Kyle City Manager Tom Mattis, left, and Mayor Mike Gonzalez, right, at last week’s city council meeting. Photo by Lance Duncan.
By LANCE DUNCAN
KYLE — The possibility of decreased city services looms in Kyle as the city faces a second consecutive double-digit increase in its property tax rate.
After taking the tax rate for Fiscal Year 2009 from 27.07 cents per $100 of taxable value to 37.31 cents, the city now is looking at another bump of 12.29 cents to 49.6 cents in FY 2010.
Almost all of the new increase, 10.6 cents, is earmarked for debt service payments required by loan terms, meaning the city can only cut its tax rate by trimming operations to be funded by 19 cents of the proposed ad valorem tax rate.
Increased demand for city services such as police protection has combined with a slow economy to place Kyle in a budgeting bind. The city grew quickly from 1999, when it issued 323 building permits for single-family homes, through 2004, when residential building permits peaked at 1,220. But residential building has declined since then to the point at which the city projected only 464 such permits for 2008. Now, homeowners are in place to require services, but the fees from building activity aren’t enough to defray those costs.
“Cries for help cost money,” Kyle resident Alan McPherson told those in attendance last week at a city council discussion about the budget and tax rate. “We’re stuck having to do a tax raise to compensate for the low taxes we’ve had while we’ve been living off developer fees.”
Kyle has grown enormously in the last ten years, increasing from 5,340 residents on the 2000 Census to nearly 30,000 today.
“We don’t want to be like other cities on the news losing their services,” McPherson said, encouraging citizens and the city council to “bite the bullet” for the time being and accept the raise in taxes.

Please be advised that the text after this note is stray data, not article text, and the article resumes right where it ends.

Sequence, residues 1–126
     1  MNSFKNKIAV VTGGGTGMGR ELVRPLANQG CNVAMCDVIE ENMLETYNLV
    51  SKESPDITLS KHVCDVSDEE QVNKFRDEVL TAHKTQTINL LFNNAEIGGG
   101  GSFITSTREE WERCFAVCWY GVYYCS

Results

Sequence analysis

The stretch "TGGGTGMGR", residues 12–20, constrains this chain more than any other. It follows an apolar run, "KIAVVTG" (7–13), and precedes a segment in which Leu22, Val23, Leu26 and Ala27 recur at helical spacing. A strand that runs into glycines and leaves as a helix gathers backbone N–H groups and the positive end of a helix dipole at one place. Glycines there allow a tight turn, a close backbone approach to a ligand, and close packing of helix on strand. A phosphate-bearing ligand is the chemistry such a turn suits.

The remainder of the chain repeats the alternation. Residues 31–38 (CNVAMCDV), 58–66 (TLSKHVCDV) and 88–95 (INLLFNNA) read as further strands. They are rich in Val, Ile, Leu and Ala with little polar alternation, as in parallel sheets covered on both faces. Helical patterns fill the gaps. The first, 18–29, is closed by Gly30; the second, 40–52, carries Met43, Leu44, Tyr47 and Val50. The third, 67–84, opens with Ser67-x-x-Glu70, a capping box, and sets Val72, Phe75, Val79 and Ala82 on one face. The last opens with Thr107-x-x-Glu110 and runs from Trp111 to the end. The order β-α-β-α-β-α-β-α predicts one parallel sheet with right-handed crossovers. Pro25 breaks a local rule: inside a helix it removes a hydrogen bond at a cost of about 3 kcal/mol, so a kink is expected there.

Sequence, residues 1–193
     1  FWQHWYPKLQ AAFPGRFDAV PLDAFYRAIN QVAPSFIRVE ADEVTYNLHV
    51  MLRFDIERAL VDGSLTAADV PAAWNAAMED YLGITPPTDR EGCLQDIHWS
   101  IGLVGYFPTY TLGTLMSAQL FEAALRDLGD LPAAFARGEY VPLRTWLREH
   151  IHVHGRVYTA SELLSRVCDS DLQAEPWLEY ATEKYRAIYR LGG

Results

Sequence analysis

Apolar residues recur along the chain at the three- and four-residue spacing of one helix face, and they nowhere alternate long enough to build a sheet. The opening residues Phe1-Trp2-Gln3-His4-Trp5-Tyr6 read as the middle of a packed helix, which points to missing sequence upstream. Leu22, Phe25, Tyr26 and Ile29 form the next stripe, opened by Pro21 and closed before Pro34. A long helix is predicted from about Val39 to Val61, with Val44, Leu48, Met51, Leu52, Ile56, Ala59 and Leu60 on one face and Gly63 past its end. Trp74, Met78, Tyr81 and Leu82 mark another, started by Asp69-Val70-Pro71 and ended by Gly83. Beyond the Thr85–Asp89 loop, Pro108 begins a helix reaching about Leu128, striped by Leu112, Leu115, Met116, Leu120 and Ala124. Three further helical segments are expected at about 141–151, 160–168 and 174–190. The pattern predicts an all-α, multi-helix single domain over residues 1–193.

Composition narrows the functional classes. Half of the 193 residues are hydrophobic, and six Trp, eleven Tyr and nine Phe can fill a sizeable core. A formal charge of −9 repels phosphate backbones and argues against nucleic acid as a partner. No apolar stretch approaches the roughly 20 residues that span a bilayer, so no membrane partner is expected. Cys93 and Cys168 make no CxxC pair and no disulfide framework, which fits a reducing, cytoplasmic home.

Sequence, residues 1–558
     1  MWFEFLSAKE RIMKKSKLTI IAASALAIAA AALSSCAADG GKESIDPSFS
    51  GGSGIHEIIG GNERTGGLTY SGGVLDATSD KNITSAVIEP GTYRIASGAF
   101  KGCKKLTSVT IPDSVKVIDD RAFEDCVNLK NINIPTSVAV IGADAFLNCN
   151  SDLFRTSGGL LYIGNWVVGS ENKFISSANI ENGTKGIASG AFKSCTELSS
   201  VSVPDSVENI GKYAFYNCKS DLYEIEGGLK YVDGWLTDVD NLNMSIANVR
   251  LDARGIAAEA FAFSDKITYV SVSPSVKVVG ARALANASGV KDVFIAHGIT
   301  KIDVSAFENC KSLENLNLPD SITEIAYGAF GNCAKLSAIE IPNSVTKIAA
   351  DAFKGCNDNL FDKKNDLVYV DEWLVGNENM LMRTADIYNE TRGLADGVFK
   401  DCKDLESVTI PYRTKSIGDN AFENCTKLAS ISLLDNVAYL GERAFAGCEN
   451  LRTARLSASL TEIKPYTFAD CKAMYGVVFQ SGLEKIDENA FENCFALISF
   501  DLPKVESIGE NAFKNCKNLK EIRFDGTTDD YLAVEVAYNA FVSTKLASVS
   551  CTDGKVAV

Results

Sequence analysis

McPherson added that Kyle has an unbalanced economy due to the current lack of commercial taxation, and that “hopefully the overall tax burden will equalize” once the city sees more of the incoming commercial growth.
Kyle resident and Texas State professor Jo Ann Zimmerman was equally concerned about potential cuts to city services, pointing out that her neighbors have repeatedly asked her when the city’s new recreation center will be constructed. A request for $18-20 million to build a rec center is likely to go before voters in May 2010. Zimmerman said that parks and recreation aren’t suitable services for cuts.
“Recreation is the glue that holds the community together,” Zimmerman said, pointing out that people are drawn to buy houses in cities that have good amenities and services.
Zimmermansaid her students at Texas State have many opportunities to learn by participating in those programs in Kyle, adding her worries about their chances for internships and job experience if funding is cut. Zimmerman said that there aren’t many places in Hays County where her students can gain that kind of experience.
Kyle Resident Lila Knight represented a different viewpoint. Knight applauded the city council for taking a hard look at the budget and trying to make tough decisions in regards to cuts, saying she appreciates the council’s willingness to try keeping taxes low.
“Not every citizen can afford to pay these taxes,” she said.
Kyle resident Annette Pickett said, based on her experience in accounting, that new employee positions for the city could be temporary, which would save on taxes and employee benefits. Pickett recommended creating a temporary employment database and suggested that that nonprofit organizations and local businesses could help to support city events with funding.
Pickett said that while the city pool is “a loss” financially, it is a benefit for the city. Many subdivisions in Kyle do not have their own pools, Pickett said, suggesting that residents of those subdivisions could help to pay for the city pool upkeep. Pickett said she wholeheartedly agrees that services bind communities and families together.
Kyle resident Gene Harris said that he is “just a taxpayer,” reminding the council that most local companies are asking their employees to take time off each quarter, making for harder financial situations. Harris asked the council to seriously consider making cuts to lower the tax rate.
City Manager Tom Mattis told citizens that the tax rate discussion is still “early in the process” and that there is a long way to go.
Several citizens who spoke on behalf of the city’s recreation department appear to have been alarmed by an email sent out by Parks and Recreation Director Kerry Urbanowicz, who claimed that the city was planning to cut the entire recreation budget and possibly dissolve the department.
However, there was little indication at last week’s meeting that extensive cuts will be made to Kyle’s parks and recreation department.
Further tax rate discussion will occur at the next Kyle City Council budget workshop on Tuesday night, Aug. 25.Email | Print